This film turned out to be better than expected. The narrative has a semi-serious thematic tone which mates perfectly with its offshoots of dark humor and quirky characterizations. The laughs aren't the rolling on the floor variety but had me chuckling out loud on more than one occasion. There is a visceral edge to the violence on the ice but the film isn't defined by it. The story is driven by this character that is completely one dimensional but who draws you with his affable charm, unpretentiousness and refreshing approach to life. If you like hockey there are some pretty decent moments that take place on the ice. I like Seann William Scott but have really never looked at him as anything other than Steve Stifler (or of that ilk). That is until now. I really enjoyed his performance here and felt that he truly made this character his own which lent an essential air of credibility to the film. Don't get me wrong Goon probably won't find its way into the top on most peoples' favorite movies lists but it's certainly much more than it would otherwise appear to be and for me is an entertaining film that I like to refer to as a diamond in the rough.
The rating is for brutal violence, pervasive language, sexual content and drug use.
AUDIO/VIDEO - By The Numbers:
REFERENCE = 92-100 / EXCELLENT = 83-91 / GOOD = 74-82 / AVERAGE = 65-73 / BELOW AVERAGE = under 65
**My audio/video ratings are based upon a comparative made against other high definition media/blu-ray disc.**
(Each rating is worth 4 points with a max of 5 per category)
- Low frequency extension:
- Surround Sound presentation:
- Dialogue Reproduction:
(Each rating is worth 4 points with a max of 5 per category)
- Black level/Shadow detail:
- Color reproduction:
Goon comes to Blu-ray Disc from Magnolia Home Entertainment featuring 1080p AVC encoded video that has an average bitrate of 25 Mbps and lossless DTS-HD 5.1 Master Audio sound that has an average bitrate of 3.4 Mbps.
This high definition presentation was on par with other new release films of its type and generally looked great. Colors were natural looking with a pleasing and reserved quality that capably handled the somewhat limited palette used to represent the period settings and clothing featured in the film. Flesh tones varied a bit with some appearing warm and lifelike while others were sullen with pallid characteristics. Contrast was tamped down but stable and images were well detailed and crisp, with sharp lines and appreciable dimension. Blacks weren't inky but had good dynamic range and detail in shadowy backgrounds and low level sequences had estimable visibility which enhanced depth. This high bitrate encoding was rendered with pristine quality that didn't exhibit any overt signs of compression related anomalies or deleterious artifacts.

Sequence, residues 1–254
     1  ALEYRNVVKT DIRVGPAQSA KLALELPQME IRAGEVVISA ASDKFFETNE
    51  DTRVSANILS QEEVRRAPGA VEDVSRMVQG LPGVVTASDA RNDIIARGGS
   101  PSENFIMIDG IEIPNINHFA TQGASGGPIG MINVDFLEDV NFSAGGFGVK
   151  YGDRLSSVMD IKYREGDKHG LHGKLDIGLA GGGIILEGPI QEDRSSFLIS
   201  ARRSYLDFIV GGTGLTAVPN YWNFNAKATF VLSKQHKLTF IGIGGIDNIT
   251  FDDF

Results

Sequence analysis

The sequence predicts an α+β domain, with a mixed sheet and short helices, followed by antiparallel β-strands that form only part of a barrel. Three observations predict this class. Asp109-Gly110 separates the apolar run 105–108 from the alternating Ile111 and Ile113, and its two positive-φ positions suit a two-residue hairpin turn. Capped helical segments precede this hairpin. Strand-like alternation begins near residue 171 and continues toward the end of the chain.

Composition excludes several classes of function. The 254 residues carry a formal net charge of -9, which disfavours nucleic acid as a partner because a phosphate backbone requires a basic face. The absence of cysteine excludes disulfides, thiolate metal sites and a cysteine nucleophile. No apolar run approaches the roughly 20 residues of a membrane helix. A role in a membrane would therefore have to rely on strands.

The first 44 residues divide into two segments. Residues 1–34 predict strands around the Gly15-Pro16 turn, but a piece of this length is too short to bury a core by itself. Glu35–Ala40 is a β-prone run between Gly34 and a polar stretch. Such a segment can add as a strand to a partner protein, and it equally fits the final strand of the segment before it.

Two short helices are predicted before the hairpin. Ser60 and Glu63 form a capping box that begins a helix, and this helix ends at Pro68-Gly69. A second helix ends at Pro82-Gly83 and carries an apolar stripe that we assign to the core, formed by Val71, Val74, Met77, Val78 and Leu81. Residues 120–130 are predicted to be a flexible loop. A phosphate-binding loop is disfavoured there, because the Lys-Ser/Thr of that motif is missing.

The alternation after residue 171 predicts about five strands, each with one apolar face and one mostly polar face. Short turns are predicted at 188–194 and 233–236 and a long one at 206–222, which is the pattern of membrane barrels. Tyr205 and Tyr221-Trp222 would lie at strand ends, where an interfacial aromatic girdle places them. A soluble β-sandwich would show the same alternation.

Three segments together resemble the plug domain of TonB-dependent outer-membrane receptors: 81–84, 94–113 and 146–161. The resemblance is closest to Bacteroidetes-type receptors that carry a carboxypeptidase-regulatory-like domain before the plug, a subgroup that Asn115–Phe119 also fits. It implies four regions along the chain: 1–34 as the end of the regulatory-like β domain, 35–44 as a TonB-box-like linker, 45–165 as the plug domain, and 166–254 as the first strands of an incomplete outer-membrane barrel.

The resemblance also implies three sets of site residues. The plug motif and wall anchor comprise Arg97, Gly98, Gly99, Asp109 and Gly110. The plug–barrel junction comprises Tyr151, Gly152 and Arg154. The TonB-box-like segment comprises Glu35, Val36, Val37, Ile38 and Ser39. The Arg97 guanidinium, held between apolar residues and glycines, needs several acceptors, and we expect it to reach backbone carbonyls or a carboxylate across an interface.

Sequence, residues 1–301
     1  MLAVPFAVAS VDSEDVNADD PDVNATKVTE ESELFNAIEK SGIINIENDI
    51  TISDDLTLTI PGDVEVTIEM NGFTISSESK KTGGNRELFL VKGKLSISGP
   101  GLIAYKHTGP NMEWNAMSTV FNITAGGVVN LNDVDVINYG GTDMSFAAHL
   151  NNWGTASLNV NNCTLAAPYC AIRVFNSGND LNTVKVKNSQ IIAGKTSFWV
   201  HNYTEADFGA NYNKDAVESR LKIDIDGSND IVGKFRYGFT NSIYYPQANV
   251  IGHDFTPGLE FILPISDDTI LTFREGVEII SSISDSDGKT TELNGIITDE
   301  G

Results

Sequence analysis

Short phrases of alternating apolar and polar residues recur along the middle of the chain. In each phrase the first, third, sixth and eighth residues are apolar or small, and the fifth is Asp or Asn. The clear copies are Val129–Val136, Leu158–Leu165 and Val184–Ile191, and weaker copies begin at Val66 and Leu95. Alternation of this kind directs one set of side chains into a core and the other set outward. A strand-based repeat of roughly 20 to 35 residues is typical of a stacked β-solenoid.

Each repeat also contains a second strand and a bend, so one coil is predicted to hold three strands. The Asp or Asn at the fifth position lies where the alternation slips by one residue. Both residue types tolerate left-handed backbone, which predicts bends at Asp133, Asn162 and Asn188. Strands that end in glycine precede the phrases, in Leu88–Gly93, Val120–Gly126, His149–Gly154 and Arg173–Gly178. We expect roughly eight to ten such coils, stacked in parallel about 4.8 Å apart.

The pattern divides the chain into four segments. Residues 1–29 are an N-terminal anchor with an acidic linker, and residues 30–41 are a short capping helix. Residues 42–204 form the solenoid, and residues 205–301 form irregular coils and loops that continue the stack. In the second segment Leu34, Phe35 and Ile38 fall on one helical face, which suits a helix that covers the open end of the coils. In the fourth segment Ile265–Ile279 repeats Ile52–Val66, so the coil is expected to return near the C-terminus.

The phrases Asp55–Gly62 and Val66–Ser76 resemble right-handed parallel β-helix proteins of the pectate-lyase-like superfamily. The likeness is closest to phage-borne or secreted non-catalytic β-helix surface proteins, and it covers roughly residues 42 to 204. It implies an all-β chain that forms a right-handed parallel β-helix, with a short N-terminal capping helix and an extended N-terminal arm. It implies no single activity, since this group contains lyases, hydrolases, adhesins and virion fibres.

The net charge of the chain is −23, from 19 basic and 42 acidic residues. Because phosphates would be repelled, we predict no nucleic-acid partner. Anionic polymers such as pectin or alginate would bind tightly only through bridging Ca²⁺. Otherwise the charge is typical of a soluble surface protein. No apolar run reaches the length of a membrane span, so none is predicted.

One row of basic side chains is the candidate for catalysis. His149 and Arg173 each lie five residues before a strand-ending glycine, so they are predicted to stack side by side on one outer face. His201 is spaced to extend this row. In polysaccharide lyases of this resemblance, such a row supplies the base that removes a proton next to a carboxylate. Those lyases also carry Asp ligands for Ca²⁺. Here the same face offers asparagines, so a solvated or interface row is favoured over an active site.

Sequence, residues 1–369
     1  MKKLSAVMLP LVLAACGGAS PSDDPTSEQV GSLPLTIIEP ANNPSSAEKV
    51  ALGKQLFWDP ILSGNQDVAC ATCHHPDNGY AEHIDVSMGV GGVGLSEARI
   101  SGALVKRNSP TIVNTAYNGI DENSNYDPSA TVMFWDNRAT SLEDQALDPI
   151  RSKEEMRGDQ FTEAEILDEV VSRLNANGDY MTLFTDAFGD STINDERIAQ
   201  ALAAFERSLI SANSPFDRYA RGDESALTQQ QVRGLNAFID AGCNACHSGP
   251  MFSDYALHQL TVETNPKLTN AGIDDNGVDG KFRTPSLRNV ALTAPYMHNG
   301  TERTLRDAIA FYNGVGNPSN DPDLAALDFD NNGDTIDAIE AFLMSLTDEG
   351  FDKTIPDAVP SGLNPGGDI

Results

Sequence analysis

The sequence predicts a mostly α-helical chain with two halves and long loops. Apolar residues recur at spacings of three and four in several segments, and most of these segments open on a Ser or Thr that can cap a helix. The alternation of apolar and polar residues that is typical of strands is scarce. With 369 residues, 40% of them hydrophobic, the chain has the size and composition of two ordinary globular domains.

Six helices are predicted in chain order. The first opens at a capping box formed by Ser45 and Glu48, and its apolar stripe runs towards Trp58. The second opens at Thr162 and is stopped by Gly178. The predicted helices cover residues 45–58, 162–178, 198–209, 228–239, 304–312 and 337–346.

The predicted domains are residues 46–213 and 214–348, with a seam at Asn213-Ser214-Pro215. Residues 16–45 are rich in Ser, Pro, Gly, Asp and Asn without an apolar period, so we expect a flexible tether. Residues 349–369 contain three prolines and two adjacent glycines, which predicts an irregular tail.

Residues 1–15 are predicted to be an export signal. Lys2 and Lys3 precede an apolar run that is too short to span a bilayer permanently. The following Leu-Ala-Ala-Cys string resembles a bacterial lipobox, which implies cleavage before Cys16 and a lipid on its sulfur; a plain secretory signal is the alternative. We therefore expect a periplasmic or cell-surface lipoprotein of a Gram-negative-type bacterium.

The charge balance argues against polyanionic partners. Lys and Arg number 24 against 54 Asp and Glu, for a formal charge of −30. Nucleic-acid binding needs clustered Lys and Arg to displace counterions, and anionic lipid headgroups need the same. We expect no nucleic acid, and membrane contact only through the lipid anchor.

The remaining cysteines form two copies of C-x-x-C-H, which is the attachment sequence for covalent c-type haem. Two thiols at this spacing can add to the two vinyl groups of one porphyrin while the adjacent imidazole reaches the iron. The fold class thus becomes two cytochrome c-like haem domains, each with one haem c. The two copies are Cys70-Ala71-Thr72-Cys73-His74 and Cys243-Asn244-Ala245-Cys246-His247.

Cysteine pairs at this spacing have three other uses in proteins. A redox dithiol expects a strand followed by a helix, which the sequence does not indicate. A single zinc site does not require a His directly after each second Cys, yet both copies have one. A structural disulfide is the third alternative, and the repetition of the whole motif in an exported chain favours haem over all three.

This DTS-HD MA audio mix does a nice job with this film's soundtrack. Dialogue has tangible weight, distinction, and prominence within the front soundstage. Channel separation is distinguishing as the various sounds, music and dialogue are definitively resolvable within the open and dimensional sound field. The system springs to life during the hockey segments as the listening position is transported down onto the ice. Low frequency effects aren't intense but the subwoofer is kept busy as it works in tandem with the rest of the system to convey the low level bass impact as dictated by the film's elements. Dynamic range is very good which lends subtle distinction to low level sounds and gravity to broader ones. The sounds of the game like the biting of sharpened blades into rock hard ice, the clank of a wide slap shot striking the goal post or the visceral impact of fists finding their mark have defining presence. The end result is an excellent and appropriate surround sound presentation that compliments the film quite well.
- Power Play Mode - Interactive Behind the scenes Movie Experience
- (HD) 6 deleted scenes
- (HD) Outtakes/Blooper reel - 5 minutes
- (HD) Interview with Seann William Scott and Jay Baruchel - 29 minutes
- (HD) HDNET: A look at Goon - 5 minutes
- Goaile Audition - 5 minutes
- (HD) Fighting 101 - 3 minute Faux Promo
- (HD) Goon Hockey Cards (gallery)
- (HD) 2 Theatrical Traliers
Goon is an offbeat sports dramedy that not only packs a punch but has enough depth to make for a rewarding film experience that might just make you want to watch it again. It makes its way onto Blu-rya Disc from Magnolia Home Entertainment featuring excellent high definition video, crystal clear lossless surround sound and a decent supplemental offering. I enjoyed this one and look forward to giving it another spin. Give it a rent and see for yourself.
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Oppo BDP-93 Universal Disc/3D capable Blu-ray Player (HDMI Audio/Video)